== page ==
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Book Reviews
Analysis of Multivariate Social Science Data,
2nd edn
D. J. Bartholomew, F. Steele, I. Moustaki and
J. I. Galbraith, 2008
Boca Raton, Chapman and Hall–CRC
384 pp., £29.99
ISBN 978-1-584-88960-1
On the first day of a seminar on intermediate social
statistics for first-year graduate students that I sometimes teach, I would tell the class that I could cover
all the relevant statistical topics of interest to them
in one session or I could focus on just a single
method during the entire 15-week semester though
I would prefer to use the time to have them learn a
small number of useful statistical methods. Invariably, none of the students would be happy with
either extreme approach, and they would go for the
‘happy median’.
Analysis of Multivariate Social Science Data
represents such a happy median. Written by some of
the leaders in the field, the second edition expands
the horizon of the first edition by three new chapters.
The new edition enabled the authors to deal with
two equally important types of methods—those
for data summarization and those that are model
based. The first type includes cluster analysis, multidimensional scaling, correspondence analysis and
principal components analysis, whereas regression
analysis (new), factor analysis, latent trait analysis
for binary data, latent trait analysis for ordinal data,
latent class analysis for binary data, confirmatory
factor analysis and structural equation modelling
(new) and multilevel modelling (new) fall into the
second category.
The book should provide a superb introduction
to these methods for graduate students who are
without substantial statistical or mathematical training beyond a first course in social statistics on
sampling, probability, hypothesis testing, inference,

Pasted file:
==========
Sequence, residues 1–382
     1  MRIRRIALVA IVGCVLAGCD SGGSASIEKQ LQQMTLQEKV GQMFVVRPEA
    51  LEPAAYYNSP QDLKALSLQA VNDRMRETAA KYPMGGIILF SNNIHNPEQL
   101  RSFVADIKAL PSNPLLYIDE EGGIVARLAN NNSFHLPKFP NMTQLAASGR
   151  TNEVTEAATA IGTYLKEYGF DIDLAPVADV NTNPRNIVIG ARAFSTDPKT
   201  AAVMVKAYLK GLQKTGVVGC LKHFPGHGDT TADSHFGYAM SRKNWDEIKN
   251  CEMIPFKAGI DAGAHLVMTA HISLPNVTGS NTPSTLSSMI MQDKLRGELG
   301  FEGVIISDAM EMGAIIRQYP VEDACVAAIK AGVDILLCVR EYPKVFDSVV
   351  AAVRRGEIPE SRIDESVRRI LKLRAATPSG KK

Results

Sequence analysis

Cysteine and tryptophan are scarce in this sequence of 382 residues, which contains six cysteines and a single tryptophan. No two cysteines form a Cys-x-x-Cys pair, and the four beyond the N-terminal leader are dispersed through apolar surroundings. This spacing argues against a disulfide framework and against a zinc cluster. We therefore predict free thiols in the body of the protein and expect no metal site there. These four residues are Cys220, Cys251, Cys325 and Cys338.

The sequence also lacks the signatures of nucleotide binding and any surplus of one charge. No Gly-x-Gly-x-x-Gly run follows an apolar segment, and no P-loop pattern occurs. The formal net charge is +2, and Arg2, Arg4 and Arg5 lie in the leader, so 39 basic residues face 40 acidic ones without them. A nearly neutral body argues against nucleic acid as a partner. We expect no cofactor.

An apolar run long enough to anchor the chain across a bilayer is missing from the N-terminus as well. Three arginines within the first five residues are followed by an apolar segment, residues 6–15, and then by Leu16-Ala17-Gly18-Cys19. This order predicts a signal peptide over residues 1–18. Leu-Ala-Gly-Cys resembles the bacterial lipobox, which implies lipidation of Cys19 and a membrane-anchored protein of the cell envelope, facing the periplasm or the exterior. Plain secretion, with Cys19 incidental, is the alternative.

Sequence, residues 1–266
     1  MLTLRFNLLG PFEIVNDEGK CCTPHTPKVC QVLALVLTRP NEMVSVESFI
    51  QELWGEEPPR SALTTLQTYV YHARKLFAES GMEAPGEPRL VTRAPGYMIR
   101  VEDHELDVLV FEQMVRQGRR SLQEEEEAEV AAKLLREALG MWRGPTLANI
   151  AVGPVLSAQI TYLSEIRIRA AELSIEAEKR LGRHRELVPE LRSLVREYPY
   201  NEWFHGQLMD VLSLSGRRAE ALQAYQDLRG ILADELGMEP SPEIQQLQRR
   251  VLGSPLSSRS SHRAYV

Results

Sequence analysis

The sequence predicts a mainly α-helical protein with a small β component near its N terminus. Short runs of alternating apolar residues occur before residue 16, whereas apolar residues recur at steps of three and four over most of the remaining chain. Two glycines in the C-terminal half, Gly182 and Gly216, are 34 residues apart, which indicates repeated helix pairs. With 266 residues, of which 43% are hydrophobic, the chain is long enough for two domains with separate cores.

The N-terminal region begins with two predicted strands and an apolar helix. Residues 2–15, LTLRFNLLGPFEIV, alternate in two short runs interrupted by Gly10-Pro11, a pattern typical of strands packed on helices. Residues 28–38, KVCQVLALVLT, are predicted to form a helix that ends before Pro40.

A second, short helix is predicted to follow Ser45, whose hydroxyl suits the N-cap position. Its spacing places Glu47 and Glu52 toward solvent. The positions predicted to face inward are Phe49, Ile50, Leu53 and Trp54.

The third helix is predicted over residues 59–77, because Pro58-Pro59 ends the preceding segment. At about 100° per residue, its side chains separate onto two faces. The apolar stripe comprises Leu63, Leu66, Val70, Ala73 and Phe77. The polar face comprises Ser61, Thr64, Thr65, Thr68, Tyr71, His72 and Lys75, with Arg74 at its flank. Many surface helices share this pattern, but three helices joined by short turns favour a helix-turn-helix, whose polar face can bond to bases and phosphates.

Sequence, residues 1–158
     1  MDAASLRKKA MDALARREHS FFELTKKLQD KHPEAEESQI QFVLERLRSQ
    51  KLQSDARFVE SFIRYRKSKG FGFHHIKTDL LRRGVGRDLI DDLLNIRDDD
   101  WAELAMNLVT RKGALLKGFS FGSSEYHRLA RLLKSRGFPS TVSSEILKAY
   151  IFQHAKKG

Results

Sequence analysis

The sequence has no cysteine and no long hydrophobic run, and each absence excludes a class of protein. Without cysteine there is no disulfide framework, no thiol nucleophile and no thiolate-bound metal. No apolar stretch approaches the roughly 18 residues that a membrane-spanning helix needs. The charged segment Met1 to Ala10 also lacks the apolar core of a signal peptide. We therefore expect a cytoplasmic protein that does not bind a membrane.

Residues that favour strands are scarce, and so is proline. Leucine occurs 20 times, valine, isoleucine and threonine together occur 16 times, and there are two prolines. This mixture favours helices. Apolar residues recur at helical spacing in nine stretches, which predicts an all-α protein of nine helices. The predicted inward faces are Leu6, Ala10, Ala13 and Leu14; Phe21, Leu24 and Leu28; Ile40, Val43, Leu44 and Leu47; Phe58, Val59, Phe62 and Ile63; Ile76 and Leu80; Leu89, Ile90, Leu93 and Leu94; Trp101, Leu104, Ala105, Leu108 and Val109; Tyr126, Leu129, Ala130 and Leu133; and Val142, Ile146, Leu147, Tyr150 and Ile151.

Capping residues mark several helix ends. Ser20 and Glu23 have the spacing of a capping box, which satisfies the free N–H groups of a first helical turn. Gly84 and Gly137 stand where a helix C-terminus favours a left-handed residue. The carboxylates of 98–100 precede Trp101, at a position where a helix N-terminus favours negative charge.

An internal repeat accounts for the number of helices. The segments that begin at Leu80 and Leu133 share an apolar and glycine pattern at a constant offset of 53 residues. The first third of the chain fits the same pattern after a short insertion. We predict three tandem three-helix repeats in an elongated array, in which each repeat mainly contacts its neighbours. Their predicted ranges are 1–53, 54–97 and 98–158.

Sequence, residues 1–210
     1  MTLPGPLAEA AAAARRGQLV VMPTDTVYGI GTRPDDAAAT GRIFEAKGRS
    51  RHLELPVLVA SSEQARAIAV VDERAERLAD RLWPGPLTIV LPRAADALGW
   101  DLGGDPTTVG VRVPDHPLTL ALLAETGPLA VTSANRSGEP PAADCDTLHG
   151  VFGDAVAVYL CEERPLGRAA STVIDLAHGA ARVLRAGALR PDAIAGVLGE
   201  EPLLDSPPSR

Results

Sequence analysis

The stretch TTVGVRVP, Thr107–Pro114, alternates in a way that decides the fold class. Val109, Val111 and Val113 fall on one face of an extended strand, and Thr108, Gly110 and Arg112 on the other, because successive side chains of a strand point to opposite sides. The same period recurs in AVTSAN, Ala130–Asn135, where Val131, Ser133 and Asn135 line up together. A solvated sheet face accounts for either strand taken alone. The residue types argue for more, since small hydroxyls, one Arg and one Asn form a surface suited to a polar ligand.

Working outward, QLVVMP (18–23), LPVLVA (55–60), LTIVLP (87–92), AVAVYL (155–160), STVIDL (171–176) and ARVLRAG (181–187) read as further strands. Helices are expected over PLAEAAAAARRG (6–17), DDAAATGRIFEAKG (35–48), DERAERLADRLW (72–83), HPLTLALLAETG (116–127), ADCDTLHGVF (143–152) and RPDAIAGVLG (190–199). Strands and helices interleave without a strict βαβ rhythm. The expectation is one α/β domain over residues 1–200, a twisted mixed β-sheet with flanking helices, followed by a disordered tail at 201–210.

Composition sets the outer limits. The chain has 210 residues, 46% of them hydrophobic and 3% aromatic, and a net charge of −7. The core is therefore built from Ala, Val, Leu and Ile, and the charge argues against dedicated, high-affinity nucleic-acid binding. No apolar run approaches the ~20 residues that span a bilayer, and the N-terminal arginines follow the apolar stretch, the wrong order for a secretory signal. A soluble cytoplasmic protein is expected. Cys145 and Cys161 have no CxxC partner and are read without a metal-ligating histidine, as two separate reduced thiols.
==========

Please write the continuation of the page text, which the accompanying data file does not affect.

univariate and bivariate analysis, and the like.
Having the knack of explaining fairly complex
statistical concepts in simple language, the authors
could keep the mathematics to a minimum. Good
examples abound, in the opening of all chapters
and elsewhere; so do worked-out applications.
The examples and applications together help to
give those who are without a strong training in
statistics a soft ride in learning these important
I also like the authors’ effort to compare related
methods across the chapters so that the reader would
have a better sense of the appropriateness and usefulness of a particular method. Sometimes the same
data are analysed by several methods. For example,
the same attitude-to-abortion data are analysed by
cluster analysis, latent trait analysis and latent class
analysis. Comments comparing different methods
are also found throughout the book.
There are no end-of-chapter exercises. Sometimes
worked examples are left half finished. This, however, is intentional because the reader can, and is
encouraged to, follow up on the examples by downloading the data from the Web site for the book so
that learning is enhanced. The Web site is a treasure
trove, where the entire first edition (eight chapters,
except the introduction) and two sample chapters
from the second edition, plus data sets for the applications, computer program syntax and the software
for latent trait related analysis are all there free for
the taking.
At the end of most chapters (except for Chapters 2–5), there is a short section on software. This
is useful despite the slight inconsistency in the inclusivity of available and appropriate software. The
book overall is actually quite consistent in its structure and organization as well as the style of writing
throughout. The chapter on structural equation
modelling, however, might be a little difficult to
follow by novices in the topic because the method
has its own extensive notation, set of assumptions
and issues of identification in spite of the authors’
great effort to integrate the model into the framework of the book.
The book should be useful for two types of
readers: it can still be employed as the main text in
a graduate social science methods course just as the
original first edition was designed for even though
most instructors would probably choose a slate of
useful chapters for their purposes; it can certainly
serve as a guide or a self-teaching book for many
social science professionals who find themselves in
need of either brushing up or learning a particular
statistical method. In either case, the book is essential to read because it would also provide the reader
with a new understanding of the methods that they
already know through its frequent comparative
comments and applications.
Tim Futing Liao
University of Illinois
E-mail: [email protected]
Computational Biology: a Statistical Mechanics
R. Blossey, 2006
Boca Raton, Chapman and Hall–CRC
252 pp., £44.99
ISBN 978-1-584-88556-4
This book is at the interface of several disciplines:
statistics, physics and theoretical and systems